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Lean Manufacturing Articles

Reverse Auction or the Electronic Market


The electronic market is the essence of the modern con­cept of the B2B electronic commerce. In a controlled environment, which may or may not be open to all, buy­ers post their needs, as generated by the PRs. Suppliers can visit the site and place their bids to provide the parts needed. When a match occurs, a decision can be made and transaction can be generated to place a PO. If there is more than one bid, the buyer has the option to create a competition. It can be either in a "sealed envelopes" format, where the other bidders do not see the lowesprice, or as a reverse auction, where they do, and are given the opportunity to beat it with a lower price.

Another variant is the time allotted for the suppliers to respond. Some auctioneers believe in adding a time pressure to the suppliers, open a short window of op­portunity to bid, and close the bidding process when new bids rate dwindles. Others believe in providing more time for the bidders to rethink their positions based on the feedback of where they are in the competition. The bidding exchange process should allow for questions, waivers, and comments. The decision process and rules of the game (especially regarding waivers) has to be clear and communicated to all bidders before they are asked to place their bids. This method resolves the issue of availability handicaps of the auto-release. When suppli­ers have an automated ATP capability, the process can be automated from both sides, suppliers and buyers, and a real-time transaction can happen. This method also covers the cases of non-part-number-based agreements, where the agreement is based on certain price breaks and discount of a reference book price. The main diffi­culty here is how to attract the right suppliers to par­ticipate. There is also an issue of "reverse catalog" browsing here: How can suppliers find their own parts easily out of a potentially large volume of bid requests irrelevant to them? Proper filtering, masking, or view­ing of the data might be a tough issue!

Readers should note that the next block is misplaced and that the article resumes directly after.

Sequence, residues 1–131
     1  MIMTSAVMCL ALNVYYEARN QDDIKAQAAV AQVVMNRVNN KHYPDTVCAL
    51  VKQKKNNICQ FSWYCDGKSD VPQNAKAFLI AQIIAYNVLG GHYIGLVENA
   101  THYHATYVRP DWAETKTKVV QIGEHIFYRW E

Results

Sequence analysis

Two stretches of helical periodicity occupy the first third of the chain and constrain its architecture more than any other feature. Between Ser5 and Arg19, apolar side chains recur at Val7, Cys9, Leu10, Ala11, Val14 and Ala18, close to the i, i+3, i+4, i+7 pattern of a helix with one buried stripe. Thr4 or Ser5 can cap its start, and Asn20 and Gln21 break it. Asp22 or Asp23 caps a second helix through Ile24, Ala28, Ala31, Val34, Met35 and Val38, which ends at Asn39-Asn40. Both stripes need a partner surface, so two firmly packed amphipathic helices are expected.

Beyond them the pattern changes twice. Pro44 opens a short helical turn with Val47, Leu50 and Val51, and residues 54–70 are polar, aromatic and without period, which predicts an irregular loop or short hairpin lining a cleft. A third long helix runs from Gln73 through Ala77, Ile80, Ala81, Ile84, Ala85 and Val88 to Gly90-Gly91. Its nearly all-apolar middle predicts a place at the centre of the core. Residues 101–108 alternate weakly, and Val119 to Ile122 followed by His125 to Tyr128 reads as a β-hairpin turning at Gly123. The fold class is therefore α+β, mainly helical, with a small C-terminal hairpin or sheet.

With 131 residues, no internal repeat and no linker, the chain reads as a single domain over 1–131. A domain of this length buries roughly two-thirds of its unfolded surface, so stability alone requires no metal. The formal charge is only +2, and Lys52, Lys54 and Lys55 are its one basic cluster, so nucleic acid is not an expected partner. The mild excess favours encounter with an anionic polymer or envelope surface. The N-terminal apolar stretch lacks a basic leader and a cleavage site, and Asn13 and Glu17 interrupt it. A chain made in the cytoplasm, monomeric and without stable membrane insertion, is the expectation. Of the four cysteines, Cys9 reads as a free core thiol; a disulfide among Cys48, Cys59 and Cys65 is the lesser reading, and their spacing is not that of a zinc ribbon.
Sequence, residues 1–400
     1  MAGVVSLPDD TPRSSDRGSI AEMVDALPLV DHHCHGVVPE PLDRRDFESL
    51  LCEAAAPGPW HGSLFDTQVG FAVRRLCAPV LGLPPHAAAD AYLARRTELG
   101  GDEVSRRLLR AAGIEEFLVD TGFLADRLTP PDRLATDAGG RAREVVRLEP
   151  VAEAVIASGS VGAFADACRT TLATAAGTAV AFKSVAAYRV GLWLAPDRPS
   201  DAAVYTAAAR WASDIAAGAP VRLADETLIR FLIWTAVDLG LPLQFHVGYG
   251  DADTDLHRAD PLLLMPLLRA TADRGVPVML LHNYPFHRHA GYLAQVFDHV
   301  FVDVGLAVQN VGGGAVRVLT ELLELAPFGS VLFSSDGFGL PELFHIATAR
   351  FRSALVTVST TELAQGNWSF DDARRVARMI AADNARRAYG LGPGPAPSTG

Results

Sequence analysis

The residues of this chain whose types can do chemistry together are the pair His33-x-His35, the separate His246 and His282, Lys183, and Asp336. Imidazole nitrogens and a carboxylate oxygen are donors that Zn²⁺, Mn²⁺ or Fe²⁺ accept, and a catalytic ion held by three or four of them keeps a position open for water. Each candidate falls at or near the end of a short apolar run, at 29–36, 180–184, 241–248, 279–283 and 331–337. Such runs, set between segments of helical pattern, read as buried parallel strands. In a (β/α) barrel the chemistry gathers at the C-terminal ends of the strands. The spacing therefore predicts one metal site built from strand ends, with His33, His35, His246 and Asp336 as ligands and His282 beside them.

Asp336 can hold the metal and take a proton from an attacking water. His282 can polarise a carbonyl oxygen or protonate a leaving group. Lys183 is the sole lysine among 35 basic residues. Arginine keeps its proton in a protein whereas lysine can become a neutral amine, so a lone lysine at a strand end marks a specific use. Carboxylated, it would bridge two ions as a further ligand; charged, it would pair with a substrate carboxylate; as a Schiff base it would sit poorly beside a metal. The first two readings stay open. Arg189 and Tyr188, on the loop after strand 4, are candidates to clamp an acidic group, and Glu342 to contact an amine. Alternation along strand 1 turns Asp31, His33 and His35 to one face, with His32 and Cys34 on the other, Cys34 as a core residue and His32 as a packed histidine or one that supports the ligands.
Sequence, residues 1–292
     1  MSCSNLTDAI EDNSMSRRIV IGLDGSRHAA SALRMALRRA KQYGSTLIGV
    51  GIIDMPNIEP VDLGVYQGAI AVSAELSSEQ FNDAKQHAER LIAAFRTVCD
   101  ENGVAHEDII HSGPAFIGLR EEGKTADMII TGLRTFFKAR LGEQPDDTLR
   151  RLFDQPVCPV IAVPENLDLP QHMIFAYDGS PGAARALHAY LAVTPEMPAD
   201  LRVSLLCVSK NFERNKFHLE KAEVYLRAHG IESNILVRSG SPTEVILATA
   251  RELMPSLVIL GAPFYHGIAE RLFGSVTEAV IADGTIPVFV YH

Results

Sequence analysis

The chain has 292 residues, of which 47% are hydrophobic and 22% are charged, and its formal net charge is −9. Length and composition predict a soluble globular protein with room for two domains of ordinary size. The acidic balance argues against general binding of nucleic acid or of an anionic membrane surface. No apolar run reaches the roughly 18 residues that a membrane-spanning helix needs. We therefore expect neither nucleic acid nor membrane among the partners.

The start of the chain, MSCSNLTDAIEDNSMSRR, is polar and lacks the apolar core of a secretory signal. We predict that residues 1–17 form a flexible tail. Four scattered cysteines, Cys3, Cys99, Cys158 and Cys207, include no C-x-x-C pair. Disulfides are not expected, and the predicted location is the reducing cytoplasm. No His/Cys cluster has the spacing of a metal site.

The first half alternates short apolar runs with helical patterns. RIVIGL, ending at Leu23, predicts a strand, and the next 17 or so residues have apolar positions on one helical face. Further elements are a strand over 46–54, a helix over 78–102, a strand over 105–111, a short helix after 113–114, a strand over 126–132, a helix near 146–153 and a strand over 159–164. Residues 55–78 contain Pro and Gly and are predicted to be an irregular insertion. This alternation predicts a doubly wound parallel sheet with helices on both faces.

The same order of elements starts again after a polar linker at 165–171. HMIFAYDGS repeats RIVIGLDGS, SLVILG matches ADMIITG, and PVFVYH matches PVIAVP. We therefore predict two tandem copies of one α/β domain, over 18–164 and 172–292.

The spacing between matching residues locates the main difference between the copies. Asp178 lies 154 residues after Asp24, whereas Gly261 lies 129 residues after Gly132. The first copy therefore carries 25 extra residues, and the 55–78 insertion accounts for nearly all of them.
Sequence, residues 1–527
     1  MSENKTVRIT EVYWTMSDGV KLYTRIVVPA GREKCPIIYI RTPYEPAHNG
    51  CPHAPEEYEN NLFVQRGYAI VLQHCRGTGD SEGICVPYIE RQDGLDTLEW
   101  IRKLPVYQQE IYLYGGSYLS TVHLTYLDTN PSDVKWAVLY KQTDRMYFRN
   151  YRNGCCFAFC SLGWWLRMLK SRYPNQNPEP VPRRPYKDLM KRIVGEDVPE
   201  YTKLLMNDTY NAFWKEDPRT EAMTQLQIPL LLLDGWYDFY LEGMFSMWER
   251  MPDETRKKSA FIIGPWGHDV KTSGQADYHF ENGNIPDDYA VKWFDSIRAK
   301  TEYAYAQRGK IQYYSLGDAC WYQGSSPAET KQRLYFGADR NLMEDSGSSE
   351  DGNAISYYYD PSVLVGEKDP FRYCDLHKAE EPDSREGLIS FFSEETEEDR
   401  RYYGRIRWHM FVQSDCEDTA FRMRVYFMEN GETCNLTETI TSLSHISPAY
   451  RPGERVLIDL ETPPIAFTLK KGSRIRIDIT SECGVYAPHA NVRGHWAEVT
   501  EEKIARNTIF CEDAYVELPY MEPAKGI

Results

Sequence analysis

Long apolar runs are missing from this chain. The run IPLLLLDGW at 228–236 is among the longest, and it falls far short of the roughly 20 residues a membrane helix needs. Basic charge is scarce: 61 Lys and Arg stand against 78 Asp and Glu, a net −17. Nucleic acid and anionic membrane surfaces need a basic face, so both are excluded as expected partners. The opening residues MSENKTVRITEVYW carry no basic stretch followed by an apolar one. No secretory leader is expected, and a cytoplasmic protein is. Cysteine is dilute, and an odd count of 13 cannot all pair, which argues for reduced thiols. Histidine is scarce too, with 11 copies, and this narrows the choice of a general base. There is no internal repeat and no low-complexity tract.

Outsourced Procurement

As explained before, the automated methods, as power­ful as they are, cannot cover all the needs of the buyer. There always some odd parts, bought infrequently, and therefore not covered by agreements or catalogs, or their suppliers would not frequent the electronic market. Why outsource? The main reason is the same as any other case for outsourcing. There are companies whose core competency and main line of business is purchasing. These companies usually have better software to do the job than their customers' legacy systems. This enables them to perform the procurement process faster and at a lower cost. They are better in finding sources for hard-to-find parts. They allow the overloaded buyers to con­centrate on the 20 percent POs with the 80 percent value. They solve the problems of uneven workload, especially for the "made to contract" business, which has spikes of orders to place when a new contract is awarded. There are variants here too. The outsourcing can cover the sourcing process only (yielding quotes), quote and or­der, follow-up, and up to delivery of the parts and pay­ment of the suppliers.



With all these no-system and in-system options, we have basically covered most of the spectrum of company low-cost items needed by the enterprise. The user will decide which method is applicable and suits his business sce­nario the best. For the in-system process, the common logic is to give auto release the first try, forward what is left to electronic bidding, and then route the leftovers to the outsourcing service provider. So what else can we do to free buyers' time and still get the work done? Follow-up is a good candidate.

To Be Continued

For balance of this article, click on the below link:

Lean Manufacturing Articles and click on Series 14

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